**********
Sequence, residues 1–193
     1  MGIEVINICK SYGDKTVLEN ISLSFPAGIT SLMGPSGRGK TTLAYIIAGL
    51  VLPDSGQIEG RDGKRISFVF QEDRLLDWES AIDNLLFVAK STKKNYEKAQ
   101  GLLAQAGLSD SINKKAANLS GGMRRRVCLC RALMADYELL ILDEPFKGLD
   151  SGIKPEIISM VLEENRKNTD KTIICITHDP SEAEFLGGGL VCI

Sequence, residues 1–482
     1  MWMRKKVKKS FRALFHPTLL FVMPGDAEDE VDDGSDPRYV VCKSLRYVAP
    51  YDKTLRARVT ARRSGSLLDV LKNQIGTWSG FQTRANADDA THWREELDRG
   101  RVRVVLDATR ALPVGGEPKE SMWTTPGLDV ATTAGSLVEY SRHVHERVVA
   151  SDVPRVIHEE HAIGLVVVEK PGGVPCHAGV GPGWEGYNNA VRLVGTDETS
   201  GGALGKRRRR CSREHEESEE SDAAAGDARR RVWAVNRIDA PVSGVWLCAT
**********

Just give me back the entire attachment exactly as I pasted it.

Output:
Sequence, residues 1–193
     1  MGIEVINICK SYGDKTVLEN ISLSFPAGIT SLMGPSGRGK TTLAYIIAGL
    51  VLPDSGQIEG RDGKRISFVF QEDRLLDWES AIDNLLFVAK STKKNYEKAQ
   101  GLLAQAGLSD SINKKAANLS GGMRRRVCLC RALMADYELL ILDEPFKGLD
   151  SGIKPEIISM VLEENRKNTD KTIICITHDP SEAEFLGGGL VCI

Sequence, residues 1–482
     1  MWMRKKVKKS FRALFHPTLL FVMPGDAEDE VDDGSDPRYV VCKSLRYVAP
    51  YDKTLRARVT ARRSGSLLDV LKNQIGTWSG FQTRANADDA THWREELDRG
   101  RVRVVLDATR ALPVGGEPKE SMWTTPGLDV ATTAGSLVEY SRHVHERVVA
   151  SDVPRVIHEE HAIGLVVVEK PGGVPCHAGV GPGWEGYNNA VRLVGTDETS
   201  GGALGKRRRR CSREHEESEE SDAAAGDARR RVWAVNRIDA PVSGVWLCAT